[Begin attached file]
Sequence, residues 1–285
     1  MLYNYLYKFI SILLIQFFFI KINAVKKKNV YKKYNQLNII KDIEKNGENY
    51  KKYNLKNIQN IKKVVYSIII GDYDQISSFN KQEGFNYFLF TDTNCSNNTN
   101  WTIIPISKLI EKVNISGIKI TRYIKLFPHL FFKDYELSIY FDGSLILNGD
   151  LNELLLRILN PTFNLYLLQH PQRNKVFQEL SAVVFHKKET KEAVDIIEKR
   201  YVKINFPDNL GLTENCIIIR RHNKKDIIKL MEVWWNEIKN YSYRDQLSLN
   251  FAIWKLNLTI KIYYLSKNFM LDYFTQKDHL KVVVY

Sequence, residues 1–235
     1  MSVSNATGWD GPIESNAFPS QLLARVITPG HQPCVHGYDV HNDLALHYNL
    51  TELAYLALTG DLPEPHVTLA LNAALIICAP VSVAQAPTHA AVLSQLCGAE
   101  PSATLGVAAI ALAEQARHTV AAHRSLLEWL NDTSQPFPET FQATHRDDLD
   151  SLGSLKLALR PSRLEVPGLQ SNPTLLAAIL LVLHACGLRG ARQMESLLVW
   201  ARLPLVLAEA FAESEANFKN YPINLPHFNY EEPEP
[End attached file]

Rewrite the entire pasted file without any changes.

Sequence, residues 1–285
     1  MLYNYLYKFI SILLIQFFFI KINAVKKKNV YKKYNQLNII KDIEKNGENY
    51  KKYNLKNIQN IKKVVYSIII GDYDQISSFN KQEGFNYFLF TDTNCSNNTN
   101  WTIIPISKLI EKVNISGIKI TRYIKLFPHL FFKDYELSIY FDGSLILNGD
   151  LNELLLRILN PTFNLYLLQH PQRNKVFQEL SAVVFHKKET KEAVDIIEKR
   201  YVKINFPDNL GLTENCIIIR RHNKKDIIKL MEVWWNEIKN YSYRDQLSLN
   251  FAIWKLNLTI KIYYLSKNFM LDYFTQKDHL KVVVY

Sequence, residues 1–235
     1  MSVSNATGWD GPIESNAFPS QLLARVITPG HQPCVHGYDV HNDLALHYNL
    51  TELAYLALTG DLPEPHVTLA LNAALIICAP VSVAQAPTHA AVLSQLCGAE
   101  PSATLGVAAI ALAEQARHTV AAHRSLLEWL NDTSQPFPET FQATHRDDLD
   151  SLGSLKLALR PSRLEVPGLQ SNPTLLAAIL LVLHACGLRG ARQMESLLVW
   201  ARLPLVLAEA FAESEANFKN YPINLPHFNY EEPEP